Bringing proven PBS designs to the masses
When the Performance Based Standards (PBS) Scheme was first conceived about 15 years ago, it was thought that one day some PBS trucks would become so abundantly popular that they would be written into the regulations to become as-of-right configurations. In effect, the PBS Scheme would have been the petri dish that spawned them, road-tested them and proved their market value. Writing these PBS designs into the regulations would put them on a level playing field with other as-of-right configurations.
That time has come.
Take a look at the pie chart below. It indicates that about two-thirds of all PBS final approvals are for truck and dog configurations and, of those, about two-thirds are 4-axle dogs. This would suggest that the truck and 4-axle dog is the strongest candidate for writing the first PBS-proven heavy vehicle configuration into the regulations.
Furthermore, many of these approvals are for 19-metre combinations that have been operating legally for years without PBS approval, and only became PBS-approved to gain another five or six tonnes. That’s right, there’s nothing different about the design of these heavy vehicle combinations that makes them all-of-a-sudden worthy of the extra mass; they just happen to fit within a certain general envelope (particularly the height limit) that enables them to meet PBS standards regardless of what suspension and tyre specifications they run. They have enough horsepower to meet the driveline-related standards and they have great swept path performance. So if hordes of these heavy vehicle combinations have been through the PBS approval hoops already, why can’t many times more operate as-of-right provided they look generally the same as those before them?
The questions you might ask are, “How do you put all of the PBS checks and balances around a heavy vehicle configuration that’s written into the regulations? How can you be absolutely certain that a vehicle built to basic mass and dimension regulations will perform according to PBS standards?”
The answer: You don’t.
Remember that a large proportion of existing regulation vehicles DO NOT meet PBS standards. The PBS standards were intentionally set to raise the bar compared with the existing fleet. Think about all of the livestock and logging combinations that wouldn’t satisfy the Static Rollover Threshold requirement. Think about all of the maximum-height woodchip combinations with 3- and 4-axle dog trailers that wouldn’t satisfy the High-Speed Transient Offtracking and Rearward Amplification standards. Think about all of the European cabover trucks with their long front overhangs and big bull bars that wouldn’t satisfy the Frontal Swing standard. The list goes on.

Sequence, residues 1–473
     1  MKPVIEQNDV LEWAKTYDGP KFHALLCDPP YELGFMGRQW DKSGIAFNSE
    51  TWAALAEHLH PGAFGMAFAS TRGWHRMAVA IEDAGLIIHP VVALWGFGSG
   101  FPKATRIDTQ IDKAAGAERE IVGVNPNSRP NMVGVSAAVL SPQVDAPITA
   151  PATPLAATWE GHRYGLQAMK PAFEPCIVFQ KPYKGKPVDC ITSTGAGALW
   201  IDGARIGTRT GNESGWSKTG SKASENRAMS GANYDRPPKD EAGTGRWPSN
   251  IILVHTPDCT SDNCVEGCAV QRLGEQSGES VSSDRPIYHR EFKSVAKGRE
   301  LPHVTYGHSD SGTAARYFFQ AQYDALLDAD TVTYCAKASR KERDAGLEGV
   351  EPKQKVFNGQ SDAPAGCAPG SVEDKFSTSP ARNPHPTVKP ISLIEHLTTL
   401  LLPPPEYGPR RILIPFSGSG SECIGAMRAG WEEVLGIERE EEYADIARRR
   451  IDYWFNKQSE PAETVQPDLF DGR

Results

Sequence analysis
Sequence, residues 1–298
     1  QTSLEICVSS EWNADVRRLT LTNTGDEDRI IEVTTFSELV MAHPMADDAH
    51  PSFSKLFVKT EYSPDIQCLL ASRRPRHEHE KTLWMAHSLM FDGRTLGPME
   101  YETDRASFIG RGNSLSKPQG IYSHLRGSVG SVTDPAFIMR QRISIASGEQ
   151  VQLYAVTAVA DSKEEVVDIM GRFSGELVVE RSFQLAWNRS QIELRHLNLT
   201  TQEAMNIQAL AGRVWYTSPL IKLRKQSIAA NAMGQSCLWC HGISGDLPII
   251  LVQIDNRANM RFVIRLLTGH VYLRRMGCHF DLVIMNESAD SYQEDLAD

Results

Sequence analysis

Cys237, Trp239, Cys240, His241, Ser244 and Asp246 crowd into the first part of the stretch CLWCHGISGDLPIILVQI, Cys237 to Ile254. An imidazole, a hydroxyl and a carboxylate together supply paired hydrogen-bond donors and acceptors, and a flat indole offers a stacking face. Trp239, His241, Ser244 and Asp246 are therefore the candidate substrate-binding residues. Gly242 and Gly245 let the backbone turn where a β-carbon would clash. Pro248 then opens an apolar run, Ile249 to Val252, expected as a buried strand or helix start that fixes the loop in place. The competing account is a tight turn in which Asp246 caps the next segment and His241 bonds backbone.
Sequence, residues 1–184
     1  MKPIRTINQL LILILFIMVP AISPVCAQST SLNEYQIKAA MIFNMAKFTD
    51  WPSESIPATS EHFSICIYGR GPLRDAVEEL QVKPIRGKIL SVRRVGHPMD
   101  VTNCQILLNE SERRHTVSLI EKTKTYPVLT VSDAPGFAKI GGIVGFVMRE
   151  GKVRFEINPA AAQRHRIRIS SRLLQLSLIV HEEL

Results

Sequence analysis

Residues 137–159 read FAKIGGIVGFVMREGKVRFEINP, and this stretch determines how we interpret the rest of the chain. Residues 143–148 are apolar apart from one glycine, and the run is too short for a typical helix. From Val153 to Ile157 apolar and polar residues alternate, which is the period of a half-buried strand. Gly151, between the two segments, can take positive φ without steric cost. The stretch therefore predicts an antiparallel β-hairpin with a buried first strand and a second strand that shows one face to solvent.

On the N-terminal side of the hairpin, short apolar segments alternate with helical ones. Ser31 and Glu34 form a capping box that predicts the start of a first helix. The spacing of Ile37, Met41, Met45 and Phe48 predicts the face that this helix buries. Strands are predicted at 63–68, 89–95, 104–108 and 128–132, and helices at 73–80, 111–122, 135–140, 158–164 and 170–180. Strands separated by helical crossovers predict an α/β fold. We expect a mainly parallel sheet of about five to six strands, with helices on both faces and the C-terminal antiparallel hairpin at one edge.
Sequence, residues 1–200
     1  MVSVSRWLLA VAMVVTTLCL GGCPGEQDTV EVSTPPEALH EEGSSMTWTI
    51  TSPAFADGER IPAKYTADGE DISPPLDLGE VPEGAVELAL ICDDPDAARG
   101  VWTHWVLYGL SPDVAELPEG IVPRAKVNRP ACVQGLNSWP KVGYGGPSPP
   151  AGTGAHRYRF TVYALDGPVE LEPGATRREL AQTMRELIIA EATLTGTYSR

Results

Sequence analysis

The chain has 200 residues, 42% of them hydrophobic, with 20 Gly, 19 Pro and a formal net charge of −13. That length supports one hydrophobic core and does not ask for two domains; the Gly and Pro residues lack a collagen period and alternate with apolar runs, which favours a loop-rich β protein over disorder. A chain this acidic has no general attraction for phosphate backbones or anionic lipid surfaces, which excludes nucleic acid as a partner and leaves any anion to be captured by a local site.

If a non-PBS-compliant vehicle will cause the sky to fall, then we’d better ground a large proportion of the Australian as-of-right fleet. Writing PBS-proven configurations into the regulations should simply be about understanding the risks and managing them.
“If a non-PBS-compliant vehicle will cause the sky to fall, then we’d better ground a large proportion of the Australian as-of-right fleet.”
In the case of truck and dog combinations, they are fairly tightly limited in terms of dimensions. There is a maximum overall length, and minimum axle spacings required to achieve mass. On top of that, there are practicalities that constrain dimensions to be within certain bounds. Height limitation is the main thing, though, with most truck and dogs built low for quarry product transport.
Advantia has proposed a Vehicle Specification Envelope that was presented as one of the options in the National Transport Commission’s recent discussion paper on PBS mass limits for as-of-right truck and dogs. This envelope did not specify any requirements for suspensions and tyres. An assessment of all of the worst-case possibilities of the proposed specification using standard suspension and tyre properties found that they all met PBS standards. If a particular heavy vehicle combination built under the proposed envelope turned out in practice not to meet all of the PBS standards, the risk would be infinitesimal. That’s because when a truck and dog fails to meet PBS standards the extent of the failure (in terms of the vehicle’s additional lateral sway) could probably be measured with a micrometer. Really, 50 mm of additional sway (above the PBS standard of 600 mm) would be considered a big failure.
“When a truck and dog fails to meet PBS standards the extent of the failure (in terms of the vehicle’s additional lateral sway) could probably be measured with a micrometer.”
I’m calling for cool heads during the forthcoming NTC discussions on this issue, and I hope that those within the road authorities who ultimately brief their Council Ministers on the NTC’s recommended arrangements take an apolitical and evidence-based view of the issue, for the good of Australian road freight productivity.